NWT Weeting Heath is the best site in the country to watch the rare and unusual stone curlew. The species requires open, stony ground with short vegetation to breed, making the close-cropped turf of Weeting an ideal site. This special Breckland habitat has to be managed to keep it so low – as well as sheep, NWT employs eager volunteers: rabbits.
As well as stone curlews Weeting Heath is also home to woodlarks, green woodpeckers, lapwings and mistle thrushes.
Other birds possibly seen from the hides include kestrel, little owl, sparrowhawk, common buzzard and, in summer, hobby.
Woodland birds are common in the trees around the visitor centre and on the woodland walk, with crossbills, tree pipits and spotted flycatchers sometimes seen. Numerous rare plants and invertebrates are also found on Weeting Heath, which is one of the finest remaining Breckland grass heaths. Indeed, the 2011 Breckland Biodiversity Audit led by the University of East Anglia (extending over the whole of the Brecks) showed that more than 28% of all the UK’s rare species occurred in an area covering less than 1% of the UK.
While the Visitor Centre is open we operate a webcam showing live video from Weeting Heath including nesting stone curlew, the web camera can be found here.
Rabbits play a vital role in managing Weeting’s delicate grasslands. Without them, many scarce plants would disappear from the site – as well as the stone curlews. Rabbits have also played a major role in the wider Breckland landscape; as early as the 12th century the region’s dry, sandy soils facilitated the widespread prevalence of rabbit warrens, with the animals kept for their meat, fur and manure. A visit to Weeting today is rather different, but visitors are guaranteed to see many of these mammals carrying on their excellent conservation management of the reserve’s heathland.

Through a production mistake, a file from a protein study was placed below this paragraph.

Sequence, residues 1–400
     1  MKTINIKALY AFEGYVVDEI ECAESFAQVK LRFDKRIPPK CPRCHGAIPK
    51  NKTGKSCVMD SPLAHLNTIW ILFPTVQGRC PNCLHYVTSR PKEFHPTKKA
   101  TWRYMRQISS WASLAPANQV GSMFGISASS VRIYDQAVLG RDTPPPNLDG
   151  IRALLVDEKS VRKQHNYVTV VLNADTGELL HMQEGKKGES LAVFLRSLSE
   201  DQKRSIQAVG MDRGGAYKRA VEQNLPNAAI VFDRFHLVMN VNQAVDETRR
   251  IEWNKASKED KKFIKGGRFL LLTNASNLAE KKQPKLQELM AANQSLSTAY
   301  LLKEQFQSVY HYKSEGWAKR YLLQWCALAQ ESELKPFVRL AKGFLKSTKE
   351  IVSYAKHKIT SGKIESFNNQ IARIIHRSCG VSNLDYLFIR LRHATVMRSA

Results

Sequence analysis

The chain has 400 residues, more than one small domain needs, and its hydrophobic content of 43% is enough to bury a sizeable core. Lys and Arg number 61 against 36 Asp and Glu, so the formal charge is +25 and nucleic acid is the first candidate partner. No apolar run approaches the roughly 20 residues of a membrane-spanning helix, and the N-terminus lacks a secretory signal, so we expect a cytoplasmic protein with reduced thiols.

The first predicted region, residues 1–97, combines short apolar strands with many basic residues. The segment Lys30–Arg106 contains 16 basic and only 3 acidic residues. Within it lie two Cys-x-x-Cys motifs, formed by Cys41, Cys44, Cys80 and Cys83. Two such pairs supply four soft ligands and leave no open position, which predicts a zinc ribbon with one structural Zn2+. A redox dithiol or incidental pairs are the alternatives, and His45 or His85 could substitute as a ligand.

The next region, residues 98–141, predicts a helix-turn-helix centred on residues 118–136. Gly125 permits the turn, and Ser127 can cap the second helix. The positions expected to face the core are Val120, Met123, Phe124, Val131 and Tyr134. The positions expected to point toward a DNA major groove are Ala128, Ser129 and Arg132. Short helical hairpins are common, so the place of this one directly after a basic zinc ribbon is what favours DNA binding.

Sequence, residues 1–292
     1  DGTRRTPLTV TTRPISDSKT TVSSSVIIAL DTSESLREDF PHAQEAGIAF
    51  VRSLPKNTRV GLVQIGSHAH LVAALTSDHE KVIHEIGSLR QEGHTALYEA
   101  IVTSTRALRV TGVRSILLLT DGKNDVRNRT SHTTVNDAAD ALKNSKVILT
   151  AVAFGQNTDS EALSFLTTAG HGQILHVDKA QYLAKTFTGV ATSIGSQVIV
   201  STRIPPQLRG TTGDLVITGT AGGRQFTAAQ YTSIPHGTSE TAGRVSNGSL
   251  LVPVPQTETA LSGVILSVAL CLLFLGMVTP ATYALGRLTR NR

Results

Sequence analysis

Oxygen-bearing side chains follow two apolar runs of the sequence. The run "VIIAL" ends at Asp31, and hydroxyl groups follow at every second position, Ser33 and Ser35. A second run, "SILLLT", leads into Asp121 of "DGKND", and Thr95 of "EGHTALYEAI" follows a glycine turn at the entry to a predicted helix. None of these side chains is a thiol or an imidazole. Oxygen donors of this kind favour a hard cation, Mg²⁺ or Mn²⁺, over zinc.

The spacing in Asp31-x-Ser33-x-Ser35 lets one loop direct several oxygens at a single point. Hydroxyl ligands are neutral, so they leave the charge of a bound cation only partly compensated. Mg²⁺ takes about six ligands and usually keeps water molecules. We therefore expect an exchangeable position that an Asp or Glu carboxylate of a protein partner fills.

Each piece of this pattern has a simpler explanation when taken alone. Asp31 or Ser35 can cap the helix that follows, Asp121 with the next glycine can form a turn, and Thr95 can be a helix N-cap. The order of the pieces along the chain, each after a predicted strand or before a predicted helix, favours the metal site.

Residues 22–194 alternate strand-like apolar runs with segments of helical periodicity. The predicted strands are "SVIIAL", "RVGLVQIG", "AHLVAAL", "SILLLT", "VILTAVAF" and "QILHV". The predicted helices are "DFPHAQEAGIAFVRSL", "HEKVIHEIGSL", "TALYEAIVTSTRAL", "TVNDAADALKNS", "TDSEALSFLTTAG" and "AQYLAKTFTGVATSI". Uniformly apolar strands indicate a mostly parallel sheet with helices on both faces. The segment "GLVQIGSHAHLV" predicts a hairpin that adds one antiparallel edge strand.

The stone curlew, or Norfolk plover, is a species of wading bird, but is not (as its name might suggest) related to the Eurasian curlew. In fact, the stone curlew is the only European representative of the Thick-knee family and does indeed have rather knobbly knees. Stone curlews’ plumage is brown and streaky, with an almost dinosaur-like appearance with their strong bill, long yellowish legs, and their most distinctive feature – their large yellow eyes. This has led to another of their historical names: the goggle-eyed plover. Surprisingly, stone curlews are not always easy to spot, as they can somehow manage to look remarkably like a rabbit from a distance. Often, too, the birds sit motionless for long periods (particularly when on the nest) and it is not until they move across the ground in short, running bursts that they become obvious. Towards dusk, however, their activity levels rise and they often begin to make their haunting, wailing calls.
Shorter-tailed than the more widespread skylark, the woodlark also differs in having a distinct eye-stripe, which joins at the back of its head.